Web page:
Even dead trees are important habitat for many wildlife species, especially those old enough to have hollows. Threatened species like the Yellow-tailed Black Cockatoo, need them to shelter and nest in. Hollows also provide habitat for insectivorous species like microbats which help keep insect populations in balance. This is important for agricultural production and the natural environment. Trees in agricultural landscapes can also help reduce soil erosion, which becomes a greater threat after fire.
For information on immediate steps to take, to manage livestock, head here.
For information on the next steps to take, in managing your land, livestock and pasture after fire, head here.
Managing your land and stock during tough times – it is important to make risk management decisions early. Our web page has links, tools and resources that will help.
The best way for most people to contribute, is to donate to the Wildlife Recovery Fund, which will re-establish native animal habitat – especially threatened species. Find out what to do if you find an injured animal, the dos and don’ts around supplying fresh water or food; and biosecurity impacts in this article.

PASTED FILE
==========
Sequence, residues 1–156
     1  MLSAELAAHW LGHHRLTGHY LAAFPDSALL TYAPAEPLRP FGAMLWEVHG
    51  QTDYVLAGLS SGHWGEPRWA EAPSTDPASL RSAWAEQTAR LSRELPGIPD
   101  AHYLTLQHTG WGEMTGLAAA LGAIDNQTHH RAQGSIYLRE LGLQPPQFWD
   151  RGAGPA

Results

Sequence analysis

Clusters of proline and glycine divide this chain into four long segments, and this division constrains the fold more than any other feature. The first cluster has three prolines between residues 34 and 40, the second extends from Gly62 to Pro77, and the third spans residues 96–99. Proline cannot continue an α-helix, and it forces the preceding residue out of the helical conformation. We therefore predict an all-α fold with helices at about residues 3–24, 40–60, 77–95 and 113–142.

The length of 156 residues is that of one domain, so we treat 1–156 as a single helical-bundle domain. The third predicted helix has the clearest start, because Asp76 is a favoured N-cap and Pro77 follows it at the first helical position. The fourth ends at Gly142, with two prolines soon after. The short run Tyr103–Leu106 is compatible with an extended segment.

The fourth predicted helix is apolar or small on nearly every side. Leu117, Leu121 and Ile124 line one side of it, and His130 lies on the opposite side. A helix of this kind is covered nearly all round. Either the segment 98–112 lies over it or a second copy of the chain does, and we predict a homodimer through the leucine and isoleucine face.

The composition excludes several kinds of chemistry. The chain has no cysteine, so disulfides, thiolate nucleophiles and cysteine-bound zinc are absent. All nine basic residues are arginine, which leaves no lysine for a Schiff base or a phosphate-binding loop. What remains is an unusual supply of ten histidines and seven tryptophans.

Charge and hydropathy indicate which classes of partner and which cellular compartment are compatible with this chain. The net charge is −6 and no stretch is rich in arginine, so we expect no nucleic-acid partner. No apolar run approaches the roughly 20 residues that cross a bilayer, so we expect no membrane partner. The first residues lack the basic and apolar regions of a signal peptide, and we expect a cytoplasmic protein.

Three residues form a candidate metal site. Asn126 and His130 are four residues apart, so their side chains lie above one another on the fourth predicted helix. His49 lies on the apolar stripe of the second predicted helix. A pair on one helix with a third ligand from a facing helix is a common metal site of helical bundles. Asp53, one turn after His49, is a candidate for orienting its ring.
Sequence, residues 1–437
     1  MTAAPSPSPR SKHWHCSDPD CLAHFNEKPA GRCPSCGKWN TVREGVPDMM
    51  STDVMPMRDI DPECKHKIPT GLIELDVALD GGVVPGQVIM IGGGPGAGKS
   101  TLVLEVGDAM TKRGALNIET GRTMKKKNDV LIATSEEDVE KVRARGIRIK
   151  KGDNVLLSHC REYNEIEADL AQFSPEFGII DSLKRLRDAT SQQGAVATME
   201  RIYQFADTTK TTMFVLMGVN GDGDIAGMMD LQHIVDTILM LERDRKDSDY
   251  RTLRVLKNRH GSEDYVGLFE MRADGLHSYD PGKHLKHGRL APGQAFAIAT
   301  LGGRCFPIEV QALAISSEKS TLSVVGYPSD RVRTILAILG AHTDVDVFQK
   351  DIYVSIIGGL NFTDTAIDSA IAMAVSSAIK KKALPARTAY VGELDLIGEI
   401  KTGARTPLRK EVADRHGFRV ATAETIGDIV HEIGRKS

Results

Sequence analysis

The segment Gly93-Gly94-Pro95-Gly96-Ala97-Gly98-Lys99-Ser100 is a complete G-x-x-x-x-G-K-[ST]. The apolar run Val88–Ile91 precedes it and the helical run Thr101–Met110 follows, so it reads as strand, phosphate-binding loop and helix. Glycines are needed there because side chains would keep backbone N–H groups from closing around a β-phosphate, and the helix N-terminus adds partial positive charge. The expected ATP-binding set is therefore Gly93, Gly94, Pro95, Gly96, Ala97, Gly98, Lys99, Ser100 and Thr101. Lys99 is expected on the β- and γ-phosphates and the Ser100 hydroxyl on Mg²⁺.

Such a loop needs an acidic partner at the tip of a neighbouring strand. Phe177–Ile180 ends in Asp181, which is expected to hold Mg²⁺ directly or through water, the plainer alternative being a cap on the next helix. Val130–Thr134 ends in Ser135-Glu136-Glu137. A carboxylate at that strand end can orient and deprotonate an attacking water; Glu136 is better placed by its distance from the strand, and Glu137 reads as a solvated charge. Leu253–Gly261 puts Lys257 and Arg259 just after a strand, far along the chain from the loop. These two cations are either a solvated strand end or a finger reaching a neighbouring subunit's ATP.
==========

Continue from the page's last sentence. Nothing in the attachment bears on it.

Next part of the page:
If you’re wanting to build a nest box to help birds and animals that have lost their habitat, this fact sheet will give you tips to help you work out which species to focus on for a particular site, and what kind of nest box best suits.
Pest animals post fire
The European wild rabbit (Oryctolagus cuniculus) is one animal that might not be too adversely impacted from the recent bushfires. As burrowers, rabbits will have avoided much of the direct fire damage and might now find themselves, at least temporarily, free from many of their predators. This fact sheet can help you manage rabbits after a bushfire.
More information on rabbits, and other pest animals, can be found on our pest animal page.
Problem weeds post fire
Fire can significantly reduce the time required for an effective control program of some weeds. Key environmental and agricultural weeds which respond to fire, are listed on this page.
Information on these weeds, and others, can also be found on our pest plants page.
This video describes methods for controlling woody weeds after fire.
Follow us on Facebook. The Hills and Fleurieu Landscape Board's Facebook page has news of workshops, grants, courses and other information on fire recovery.